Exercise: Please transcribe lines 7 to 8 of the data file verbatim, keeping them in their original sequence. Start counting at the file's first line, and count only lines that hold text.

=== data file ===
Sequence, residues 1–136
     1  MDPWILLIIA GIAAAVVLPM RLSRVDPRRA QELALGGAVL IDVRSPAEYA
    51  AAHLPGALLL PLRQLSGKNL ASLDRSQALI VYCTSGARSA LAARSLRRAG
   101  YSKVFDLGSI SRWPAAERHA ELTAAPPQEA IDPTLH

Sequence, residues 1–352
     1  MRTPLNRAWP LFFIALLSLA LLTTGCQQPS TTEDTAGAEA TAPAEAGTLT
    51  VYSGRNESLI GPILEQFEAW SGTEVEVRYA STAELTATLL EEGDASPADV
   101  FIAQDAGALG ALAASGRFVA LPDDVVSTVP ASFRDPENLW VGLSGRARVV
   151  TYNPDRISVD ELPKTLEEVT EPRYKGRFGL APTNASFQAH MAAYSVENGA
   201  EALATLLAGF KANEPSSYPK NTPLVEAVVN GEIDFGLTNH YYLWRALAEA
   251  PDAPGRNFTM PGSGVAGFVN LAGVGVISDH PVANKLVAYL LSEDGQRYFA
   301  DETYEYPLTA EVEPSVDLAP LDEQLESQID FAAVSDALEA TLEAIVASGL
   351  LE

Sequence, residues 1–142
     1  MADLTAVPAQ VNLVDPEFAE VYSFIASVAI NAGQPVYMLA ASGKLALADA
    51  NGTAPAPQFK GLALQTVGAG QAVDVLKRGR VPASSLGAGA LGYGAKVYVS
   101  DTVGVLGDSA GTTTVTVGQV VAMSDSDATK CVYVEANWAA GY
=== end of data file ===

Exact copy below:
    51  VYSGRNESLI GPILEQFEAW SGTEVEVRYA STAELTATLL EEGDASPADV
   101  FIAQDAGALG ALAASGRFVA LPDDVVSTVP ASFRDPENLW VGLSGRARVV